Lastly, Hereupon we ought to take advice, 445. and consider, that our sins have been the cause of our calamities; and that the best way to avoid the same evil is to sin no more, 447.xiv
SATAN HIMSELF TRANSFORMED INTO AN ANGEL OF LIGHT.
And no marvel; for Satan himself is transformed into an angel of light. P. 450.
These words suppose that there is a Devil; and forewarn us against his deceitful disguises, 450. and the sense of the words may be prosecuted by shewing,
1st, What influence he has upon the soul, and how he conveys his fallacies, 454.
1. In moving, or sometimes altering the humours of the body, 454.
2. In suggesting the ideas of things to the imagination, 455.
3. In a personal possession of the man, 457.
2dly, Several instances, wherein he, under the mask of light, has imposed upon the Christian world, 459. making use,
1. Of the church’s abhorrence of polytheism, to bring in Arianism, 459.
2. Of the zealous adoration of Christ’s person, to introduce the superstitious worship of Popery, 461.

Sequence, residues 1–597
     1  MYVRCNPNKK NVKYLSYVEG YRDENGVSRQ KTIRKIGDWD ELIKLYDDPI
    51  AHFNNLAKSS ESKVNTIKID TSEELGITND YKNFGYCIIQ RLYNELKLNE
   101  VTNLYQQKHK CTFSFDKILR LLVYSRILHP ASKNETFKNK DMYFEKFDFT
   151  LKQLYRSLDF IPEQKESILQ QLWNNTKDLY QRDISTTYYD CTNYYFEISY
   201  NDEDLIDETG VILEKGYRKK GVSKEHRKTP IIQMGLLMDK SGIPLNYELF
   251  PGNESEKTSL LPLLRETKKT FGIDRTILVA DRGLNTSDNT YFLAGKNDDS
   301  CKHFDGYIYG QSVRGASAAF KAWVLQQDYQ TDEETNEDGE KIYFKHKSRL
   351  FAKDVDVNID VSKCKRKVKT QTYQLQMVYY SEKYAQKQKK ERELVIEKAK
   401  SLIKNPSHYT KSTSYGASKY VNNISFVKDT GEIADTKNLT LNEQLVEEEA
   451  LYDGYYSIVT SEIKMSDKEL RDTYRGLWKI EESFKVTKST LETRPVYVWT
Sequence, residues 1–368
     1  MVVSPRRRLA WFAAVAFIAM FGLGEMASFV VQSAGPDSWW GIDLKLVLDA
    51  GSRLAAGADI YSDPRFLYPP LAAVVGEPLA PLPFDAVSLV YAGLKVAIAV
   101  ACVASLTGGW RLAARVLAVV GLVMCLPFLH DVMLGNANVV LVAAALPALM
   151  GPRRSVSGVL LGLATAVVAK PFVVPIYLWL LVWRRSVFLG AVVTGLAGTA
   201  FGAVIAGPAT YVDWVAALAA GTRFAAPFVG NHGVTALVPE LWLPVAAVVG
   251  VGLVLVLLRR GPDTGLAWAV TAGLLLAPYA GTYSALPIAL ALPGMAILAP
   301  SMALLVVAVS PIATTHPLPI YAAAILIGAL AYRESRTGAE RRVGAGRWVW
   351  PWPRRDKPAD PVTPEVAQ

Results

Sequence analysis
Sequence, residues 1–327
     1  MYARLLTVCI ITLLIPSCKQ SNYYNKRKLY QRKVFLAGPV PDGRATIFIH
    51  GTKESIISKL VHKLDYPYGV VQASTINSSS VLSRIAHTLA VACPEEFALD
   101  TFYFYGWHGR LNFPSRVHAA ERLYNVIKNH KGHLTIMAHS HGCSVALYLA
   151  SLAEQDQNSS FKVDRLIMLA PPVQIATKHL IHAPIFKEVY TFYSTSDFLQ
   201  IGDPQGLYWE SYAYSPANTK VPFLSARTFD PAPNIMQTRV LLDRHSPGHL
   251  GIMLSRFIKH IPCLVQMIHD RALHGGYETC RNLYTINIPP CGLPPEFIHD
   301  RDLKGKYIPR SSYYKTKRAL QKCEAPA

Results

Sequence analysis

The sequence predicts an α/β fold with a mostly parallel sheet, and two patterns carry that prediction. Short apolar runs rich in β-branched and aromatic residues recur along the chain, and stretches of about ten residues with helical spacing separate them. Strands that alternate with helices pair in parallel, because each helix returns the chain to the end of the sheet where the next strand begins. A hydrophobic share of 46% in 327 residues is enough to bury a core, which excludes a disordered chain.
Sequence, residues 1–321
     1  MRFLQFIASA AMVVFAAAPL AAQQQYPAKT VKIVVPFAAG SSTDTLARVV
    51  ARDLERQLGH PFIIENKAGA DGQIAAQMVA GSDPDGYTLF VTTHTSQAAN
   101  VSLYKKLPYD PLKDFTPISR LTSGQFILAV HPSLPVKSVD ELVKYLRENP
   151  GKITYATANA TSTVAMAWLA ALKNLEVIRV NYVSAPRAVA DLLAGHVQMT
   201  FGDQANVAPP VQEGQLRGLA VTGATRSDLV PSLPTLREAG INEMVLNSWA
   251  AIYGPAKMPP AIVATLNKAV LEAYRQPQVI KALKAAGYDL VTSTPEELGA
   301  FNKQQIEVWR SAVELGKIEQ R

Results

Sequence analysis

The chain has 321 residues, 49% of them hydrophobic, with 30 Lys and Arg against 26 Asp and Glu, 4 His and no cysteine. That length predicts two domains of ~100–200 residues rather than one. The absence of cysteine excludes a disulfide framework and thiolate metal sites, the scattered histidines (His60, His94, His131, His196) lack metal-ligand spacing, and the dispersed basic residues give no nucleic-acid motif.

3. Of the shaking off of Popery, to bring in the two extremes of Socinianism, 471. and Enthusiasm, 479. with a comparison of this last with Popery, 480.
3dly, Certain principles, whereby he is like to repeat his cheats upon the world, 485.
1. By making faith and free grace undermine the necessity of a good life, 485.
2. By opposing the power of godliness irreconcilably to all forms, 487.
3. By making the kingdom of Christ oppose the kingdoms of the world, 489.
Therefore we ought not to cast the least pleasing look upon any of his insidious offers, 489. but encounter him with watchfulness and prayer, 494.xv
THE CERTAINTY OF OUR SAVIOUR’S RESURRECTION.
Jesus saith unto him, Thomas, because thou hast seen me, thou hast believed: blessed are they that have not seen, and yet have believed. P. 496.